# Best-effort inductive logic programming via fine-grained cost-based hypothesis generation

- 8 Downloads

**Part of the following topical collections:**

## Abstract

We describe the Inspire system which participated in the first competition on inductive logic programming (ILP). Inspire is based on answer set programming (ASP). The distinguishing feature of Inspire is an ASP encoding for hypothesis space generation: given a set of facts representing the mode bias, and a set of cost configuration parameters, each answer set of this encoding represents a single rule that is considered for finding a hypothesis that entails the given examples. Compared with state-of-the-art methods that use the length of the rule body as a metric for rule complexity, our approach permits a much more fine-grained specification of the shape of hypothesis candidate rules. The Inspire system iteratively increases the rule cost limit and thereby increases the search space until it finds a suitable hypothesis. The system searches for a hypothesis that entails a single example at a time, utilizing an ASP encoding derived from the encoding used in XHAIL. We perform experiments with the development and test set of the ILP competition. For comparison we also adapted the ILASP system to process competition instances. Experimental results show that the cost parameters for the hypothesis search space are an important factor for finding hypotheses to competition instances within tight resource bounds.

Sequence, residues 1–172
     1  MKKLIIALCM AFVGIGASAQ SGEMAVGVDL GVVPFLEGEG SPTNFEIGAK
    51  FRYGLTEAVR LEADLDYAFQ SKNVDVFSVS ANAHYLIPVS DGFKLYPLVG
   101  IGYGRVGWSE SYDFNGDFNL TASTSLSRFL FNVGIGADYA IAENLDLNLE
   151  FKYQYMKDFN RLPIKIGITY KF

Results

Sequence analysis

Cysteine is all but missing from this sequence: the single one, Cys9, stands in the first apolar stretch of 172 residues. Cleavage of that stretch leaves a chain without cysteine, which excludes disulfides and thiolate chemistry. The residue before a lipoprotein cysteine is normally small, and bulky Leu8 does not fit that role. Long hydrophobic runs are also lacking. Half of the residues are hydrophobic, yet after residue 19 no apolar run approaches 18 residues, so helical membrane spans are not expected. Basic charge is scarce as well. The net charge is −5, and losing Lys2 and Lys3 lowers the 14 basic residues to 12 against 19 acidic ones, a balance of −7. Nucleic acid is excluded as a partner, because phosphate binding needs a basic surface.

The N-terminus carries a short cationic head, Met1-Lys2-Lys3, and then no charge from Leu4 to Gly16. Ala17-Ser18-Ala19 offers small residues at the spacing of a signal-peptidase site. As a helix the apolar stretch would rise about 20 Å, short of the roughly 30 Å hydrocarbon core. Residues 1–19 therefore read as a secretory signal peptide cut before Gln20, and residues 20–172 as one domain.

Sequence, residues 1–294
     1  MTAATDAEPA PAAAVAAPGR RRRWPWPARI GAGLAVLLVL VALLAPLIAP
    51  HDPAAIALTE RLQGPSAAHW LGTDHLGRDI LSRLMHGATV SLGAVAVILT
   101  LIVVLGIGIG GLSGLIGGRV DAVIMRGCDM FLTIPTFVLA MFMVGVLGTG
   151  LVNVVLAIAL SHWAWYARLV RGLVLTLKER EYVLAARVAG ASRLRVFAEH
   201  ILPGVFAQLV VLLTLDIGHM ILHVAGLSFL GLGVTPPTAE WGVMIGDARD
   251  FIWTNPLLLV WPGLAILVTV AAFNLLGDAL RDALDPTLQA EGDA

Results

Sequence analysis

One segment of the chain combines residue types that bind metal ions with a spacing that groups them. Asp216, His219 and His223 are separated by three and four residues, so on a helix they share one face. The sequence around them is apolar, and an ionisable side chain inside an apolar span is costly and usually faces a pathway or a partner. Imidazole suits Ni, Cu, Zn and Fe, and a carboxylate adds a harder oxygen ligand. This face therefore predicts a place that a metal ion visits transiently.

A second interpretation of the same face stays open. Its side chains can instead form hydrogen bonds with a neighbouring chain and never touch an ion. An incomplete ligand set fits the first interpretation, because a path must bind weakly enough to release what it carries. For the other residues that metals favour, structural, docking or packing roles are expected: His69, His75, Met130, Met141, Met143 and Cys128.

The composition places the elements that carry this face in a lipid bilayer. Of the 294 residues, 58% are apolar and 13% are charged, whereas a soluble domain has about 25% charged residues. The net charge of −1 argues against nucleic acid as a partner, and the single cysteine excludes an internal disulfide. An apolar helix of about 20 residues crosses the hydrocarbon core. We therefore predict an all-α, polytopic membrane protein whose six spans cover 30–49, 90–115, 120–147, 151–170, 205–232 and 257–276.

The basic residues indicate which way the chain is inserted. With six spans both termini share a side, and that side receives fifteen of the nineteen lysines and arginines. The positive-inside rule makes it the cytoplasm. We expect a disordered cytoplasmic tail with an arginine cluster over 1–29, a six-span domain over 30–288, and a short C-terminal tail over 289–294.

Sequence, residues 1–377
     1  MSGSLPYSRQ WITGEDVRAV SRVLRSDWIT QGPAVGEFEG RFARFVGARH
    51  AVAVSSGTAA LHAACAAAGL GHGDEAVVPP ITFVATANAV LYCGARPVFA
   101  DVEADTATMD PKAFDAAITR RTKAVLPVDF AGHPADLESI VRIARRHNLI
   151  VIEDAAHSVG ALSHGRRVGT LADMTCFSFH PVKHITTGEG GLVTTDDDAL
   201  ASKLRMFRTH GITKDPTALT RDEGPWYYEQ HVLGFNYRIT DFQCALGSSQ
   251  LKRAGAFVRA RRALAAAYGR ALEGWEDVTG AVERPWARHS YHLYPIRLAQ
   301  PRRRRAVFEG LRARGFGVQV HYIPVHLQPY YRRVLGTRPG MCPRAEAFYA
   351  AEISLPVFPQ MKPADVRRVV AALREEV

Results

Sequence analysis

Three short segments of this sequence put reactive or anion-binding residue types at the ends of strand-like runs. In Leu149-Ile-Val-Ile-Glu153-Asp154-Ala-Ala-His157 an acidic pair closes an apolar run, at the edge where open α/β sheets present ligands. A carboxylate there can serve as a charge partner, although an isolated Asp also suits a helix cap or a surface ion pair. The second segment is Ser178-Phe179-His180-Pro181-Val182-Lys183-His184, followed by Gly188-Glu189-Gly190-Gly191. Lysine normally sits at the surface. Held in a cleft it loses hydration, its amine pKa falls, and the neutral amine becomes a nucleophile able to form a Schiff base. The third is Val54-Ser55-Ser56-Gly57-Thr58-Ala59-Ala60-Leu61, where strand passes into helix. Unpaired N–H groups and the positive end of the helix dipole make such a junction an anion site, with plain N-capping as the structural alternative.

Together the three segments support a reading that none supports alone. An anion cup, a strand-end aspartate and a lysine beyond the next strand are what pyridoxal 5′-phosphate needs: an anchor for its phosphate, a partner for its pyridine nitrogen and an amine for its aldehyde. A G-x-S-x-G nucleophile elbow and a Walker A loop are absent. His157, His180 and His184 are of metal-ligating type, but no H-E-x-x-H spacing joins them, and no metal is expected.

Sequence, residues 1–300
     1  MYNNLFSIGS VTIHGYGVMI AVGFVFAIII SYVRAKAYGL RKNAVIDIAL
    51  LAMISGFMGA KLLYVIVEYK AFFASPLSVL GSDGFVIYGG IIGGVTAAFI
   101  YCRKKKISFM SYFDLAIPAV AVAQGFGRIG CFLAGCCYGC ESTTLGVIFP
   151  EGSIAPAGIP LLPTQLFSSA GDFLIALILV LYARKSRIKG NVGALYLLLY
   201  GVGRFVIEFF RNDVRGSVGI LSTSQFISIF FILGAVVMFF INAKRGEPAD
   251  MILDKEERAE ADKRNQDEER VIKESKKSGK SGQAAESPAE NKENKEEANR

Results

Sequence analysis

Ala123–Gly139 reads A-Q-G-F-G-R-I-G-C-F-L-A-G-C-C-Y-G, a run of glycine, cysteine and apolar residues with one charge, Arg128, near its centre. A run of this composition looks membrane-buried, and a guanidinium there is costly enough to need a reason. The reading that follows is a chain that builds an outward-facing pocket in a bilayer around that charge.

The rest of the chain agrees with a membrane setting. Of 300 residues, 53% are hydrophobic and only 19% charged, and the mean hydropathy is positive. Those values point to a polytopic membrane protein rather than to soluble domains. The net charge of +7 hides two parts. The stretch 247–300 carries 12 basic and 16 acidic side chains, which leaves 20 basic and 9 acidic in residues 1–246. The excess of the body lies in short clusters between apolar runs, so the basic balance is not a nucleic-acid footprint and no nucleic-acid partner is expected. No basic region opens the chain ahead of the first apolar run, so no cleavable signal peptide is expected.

## Keywords

Inductive logic programming Answer set programming Hypothesis generation Rule complexity Best-effort## Notes

### Acknowledgements